Why Crafternoon is important to me
Kat blogs about why it was important for her to bring her friends and family together for Crafternoon.
Kat is looking to raise awareness for mental health through her love of crafting whilst working and studying an Open Uni degree in Psychology.
Seeing a post about Crafternoon filled me with hope. I came across it on Zoe Suggs Instagram, (she is a social media influencer that I follow), and when she posted about holding her own Crafternoon in her workplace, I joined the Facebook page straight away to see how to get involved. I knew it could give me a chance to bring all of my family and friends together, to raise awareness and make a real difference for everyone with a mental health problem. I currently work in a Hobbycraft store, so Crafternoon felt like a perfect fit for me.
"Isolating myself was the worst possible thing I could have done."
My experience with mental health has peaked over the year. I always knew that I had suffered with anxiety due to numerous events in my life. This triggered from an abusive relationship with someone I trusted whilst I was young; at the time I didn’t realise the true extent of how this would harm me in the years to come. I was anxious to leave the house or walk ten minutes down the road, just in case I saw them. Isolating myself was the worst possible thing I could have done but I went into defence mode and didn’t want to speak out.
However, after struggling more, I was diagnosed with depression. I avoided going to the doctors to begin with and talking to the people close around me, and thinking about it now it was probably because I was afraid of the label. My sleep pattern became irregular, I would have vivid night terrors and struggle to leave my bed the next day. I would blame the bad night’s sleep on not leaving my bed when in fact, it was all connected to the depression. I couldn’t get through a full day of sixth form sometimes because there was always something in the back of my head making me feel low and worried that I would end up going back home after a few hours. I was not my true self and I felt trapped wherever I was.
"My biggest support unit was my close family and friends."
I had seen my Dad suffer for years and I recognised the signs in myself but when my Dad was diagnosed with a heart condition, my anxiety became worse as I felt helpless; not only on him but on my Mum also. There is no words to describe how helpless you feel towards your parents as a young adult. An immense amount of pressure was added onto my mind, amongst finding myself, balancing a work/study life and controlling my fears over past experiences.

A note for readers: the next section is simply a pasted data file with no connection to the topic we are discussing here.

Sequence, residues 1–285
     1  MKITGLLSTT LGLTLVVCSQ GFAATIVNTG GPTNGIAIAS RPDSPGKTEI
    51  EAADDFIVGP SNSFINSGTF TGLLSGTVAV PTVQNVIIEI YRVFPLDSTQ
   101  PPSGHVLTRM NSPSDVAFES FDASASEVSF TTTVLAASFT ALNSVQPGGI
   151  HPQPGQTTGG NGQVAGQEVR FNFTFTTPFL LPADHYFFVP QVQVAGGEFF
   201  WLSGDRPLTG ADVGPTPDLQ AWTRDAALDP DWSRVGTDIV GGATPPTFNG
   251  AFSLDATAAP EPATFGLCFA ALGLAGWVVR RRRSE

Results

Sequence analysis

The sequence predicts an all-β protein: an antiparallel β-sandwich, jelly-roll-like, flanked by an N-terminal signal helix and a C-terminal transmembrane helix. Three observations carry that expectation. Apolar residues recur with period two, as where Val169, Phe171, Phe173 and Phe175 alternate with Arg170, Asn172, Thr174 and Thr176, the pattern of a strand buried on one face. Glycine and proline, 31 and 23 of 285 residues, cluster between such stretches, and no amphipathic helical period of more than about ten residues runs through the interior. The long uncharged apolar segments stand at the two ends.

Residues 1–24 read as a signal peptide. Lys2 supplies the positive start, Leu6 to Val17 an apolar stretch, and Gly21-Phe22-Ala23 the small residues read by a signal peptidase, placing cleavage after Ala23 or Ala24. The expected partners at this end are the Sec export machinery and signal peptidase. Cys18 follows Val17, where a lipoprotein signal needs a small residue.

There were a few options of support available from my GP and their local services. However, I found that my biggest support unit was my close family and friends who I confided in. After speaking out I discovered that many more people close to me had experienced mental health problems and could empathise with me and offer their advice. I also had a supportive work environment and if I ever had an issue or worry, my management team were extremely supportive and tried whatever strategy they could do help me feel more at ease, or to just be someone to talk to. Although everyone has different coping mechanisms that work, talking managed to save how I am feeling today because it was something I was so afraid of and once it is spoken about, things become more clear and I could work out a plan of what to do next.
"The hard work will all pay off."
One of the most important things to me about the Crafternoon is raising awareness and ensuring everyone in my life knows that they have support if they ever need it and to thank them for what they have done for me. At my Crafternoon I will be holding a raffle and tombola and my chosen craft is rock painting, this is so everyone has the chance to use their creativity and take a reminder home. The people closest to me have been my rocks, and I want the event to be a reminder of that. It is crazy to think that over a year ago I would have given up and struggled to organise myself, let alone an event like this and to anyone else doing a Crafternoon this year or next, well done. The hard work will all pay off once you see the results.
I am currently feeling more confident in myself and I’m trying to make many positives about the parts of my life which had impacted me negatively. I’m also trying new strategies such as mindfulness to give myself time out in the day if I am alone. Not everyone has the privilege of being able to speak out and get help, so I’m fundraising for Mind so that others can also get the support I had.
Information & Support
When you’re living with a mental health problem, or supporting someone who is, having access to the right information - about a condition, treatment options, or practical issues - is vital. Visit our information pages to find out more.
Share your story with others
Blogs and stories can show that people with mental health problems are cared about, understood and listened to. We can use it to challenge the status quo and change attitudes.